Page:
Welcome to today’s Morning Brief.
Welcome to today’s Morning Brief.
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On a personal note: It has been a privilege and a pleasure to fill in as your Morning Brief writer these past few months. Thank you for reading.
And now, for the last time in its current form: Today, we’re looking at a reported meeting between a Russian security official and India’s prime minister, the arrest of a U.S. journalist in Russia, and Jair Bolsonaro’s return to Brazil.
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Top Russian Security Official Reportedly Meets with Modi
Nikolai Patrushev, Russia’s senior most national security advisor, met with Indian Prime Minister Narendra Modi for a discussion of “matters of bilateral cooperation,” according to Russia’s Security Council. He was in India for a Shanghai Cooperation Organization meeting (India and China are Shanghai Cooperation Organization members).
Neither side shared details of the contents of the discussions.
Washington has courted New Delhi as a partner in democracy against autocracy, inviting it to U.S. President Joe Biden’s annual democracy summits, and more specifically against China. But India is also a longstanding partner of Russia, from which it gets the majority of its defense equipment. India has abstained from censuring—or supporting—Russia in most international fora, but it has also continued to import Russian energy, and indeed has increased those purchases. In December, it was reported that India was importing 33 times more Russian oil than a year prior.
What We’re Following Today
Former U.S. President Donald Trump indicted. The former president, and likely 2024 GOP presidential candidate, was indicted Thursday on charges relating to a 2016 hush-money payment made to a porn star. It’s the first time a former U.S. president has faced criminal charges. Trump is expected to be arraigned in New York on Tuesday.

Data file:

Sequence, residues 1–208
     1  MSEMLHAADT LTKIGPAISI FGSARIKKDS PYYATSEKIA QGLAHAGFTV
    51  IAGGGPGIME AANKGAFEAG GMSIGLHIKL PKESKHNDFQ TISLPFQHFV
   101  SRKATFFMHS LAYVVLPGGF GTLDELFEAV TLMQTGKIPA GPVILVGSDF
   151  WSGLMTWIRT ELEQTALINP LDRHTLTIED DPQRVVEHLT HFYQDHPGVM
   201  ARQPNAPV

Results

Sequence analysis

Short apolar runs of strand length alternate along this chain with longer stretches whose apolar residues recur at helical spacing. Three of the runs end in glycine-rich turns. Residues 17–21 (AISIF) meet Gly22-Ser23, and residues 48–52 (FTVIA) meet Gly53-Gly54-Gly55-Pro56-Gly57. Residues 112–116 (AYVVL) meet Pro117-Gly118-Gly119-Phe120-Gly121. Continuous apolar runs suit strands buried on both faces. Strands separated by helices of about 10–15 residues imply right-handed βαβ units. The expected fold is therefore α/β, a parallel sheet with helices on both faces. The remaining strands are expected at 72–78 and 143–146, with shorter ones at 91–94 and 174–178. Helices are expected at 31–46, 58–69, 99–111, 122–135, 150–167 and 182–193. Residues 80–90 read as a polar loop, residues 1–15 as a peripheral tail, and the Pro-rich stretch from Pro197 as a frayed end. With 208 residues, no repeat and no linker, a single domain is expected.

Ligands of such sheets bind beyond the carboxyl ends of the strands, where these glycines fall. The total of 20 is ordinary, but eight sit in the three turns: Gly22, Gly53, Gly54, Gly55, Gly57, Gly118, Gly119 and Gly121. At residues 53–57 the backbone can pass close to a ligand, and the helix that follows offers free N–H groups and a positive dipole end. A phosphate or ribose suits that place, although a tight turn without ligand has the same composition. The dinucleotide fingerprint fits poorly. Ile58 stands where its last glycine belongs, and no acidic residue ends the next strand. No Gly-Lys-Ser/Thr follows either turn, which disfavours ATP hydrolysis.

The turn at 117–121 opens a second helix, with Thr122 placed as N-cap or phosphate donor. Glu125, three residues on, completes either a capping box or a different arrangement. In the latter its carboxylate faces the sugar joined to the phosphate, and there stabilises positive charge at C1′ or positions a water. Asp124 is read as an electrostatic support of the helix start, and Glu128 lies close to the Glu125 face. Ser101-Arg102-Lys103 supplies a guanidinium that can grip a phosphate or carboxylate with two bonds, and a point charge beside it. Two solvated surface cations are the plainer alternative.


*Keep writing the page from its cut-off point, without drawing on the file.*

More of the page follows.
U.S. journalist arrested in Russia. Russia-based Wall Street Journal reporter Evan Gershkovich, 31, was detained in Russia, which has accused him of espionage. The Journal vehemently denies the allegations. Gershkovich’s parents came to the United States from the Soviet Union. “In the strongest possible terms, we condemn the Kremlin’s continued attempts to intimidate, repress, and punish journalists and civil society voices,” said U.S. Secretary of State Antony Blinken. White House spokesperson Karine Jean-Pierre reiterated that the White House does not believe it is safe for Americans to travel to Russia.
Bolsonaro back in Brazil. Former Brazilian President Jair Bolsonaro arrived back in Brazil after three months in the state of Florida, during which time some of his supporters stormed government buildings. He was greeted by hundreds of supporters in Brasilia. He told one television network, “I’m not without a mandate, but I’m not retired.”
Keep an Eye On
EU chief says Europe must reassess relations with China ahead of visit. Ursula von der Leyen, president of the European Commission, has said that China’s transition from an era of reform to one of control means that Europe must “de-risk.” The EU’s relationship with Beijing, she said, has become more “difficult and distant.” While delivering a speech in Brussels, von der Leyen said that “How China continues to interact with Putin’s war will be a determining factor for EU-China relations going forward.” Von der Leyen and French President Emmanuel Macron are traveling to China next week.
China warns the United States of “serious confrontation.” In other China news, Tsai Ing-wen, president of Taiwan, landed in New York. The United States had previously try to stress that this visit, a stopover on the way to Central America, was in line with precedents set by other, earlier visits of Taiwan, and so should not be taken as provocation or cause for response from China. However, on her return trip, Tsai may meet with House Speaker Kevin McCarthy, which China has said could lead to a “serious confrontation.”
•DoD’s Making a List—and Checking It Twice by Jack Detsch and Robbie Gramer
•Israel Is Somewhere It’s Never Been Before by Aaron David Miller and Daniel C. Kurtzer
•How to Benchmark Victory in Ukraine by Liana Fix
Surf’s up and up and up. Japan’s Seiichi Sano turns 90 this month. Sano is, according to the Guiness Book of World Records, the world’s oldest male surfer. Sano told reporters, “I think it would be interesting to try to surf until I’m 100. I think I take better care of myself when I have goals like this. Even now, I take better care of myself than I did before.”
That’s it for today.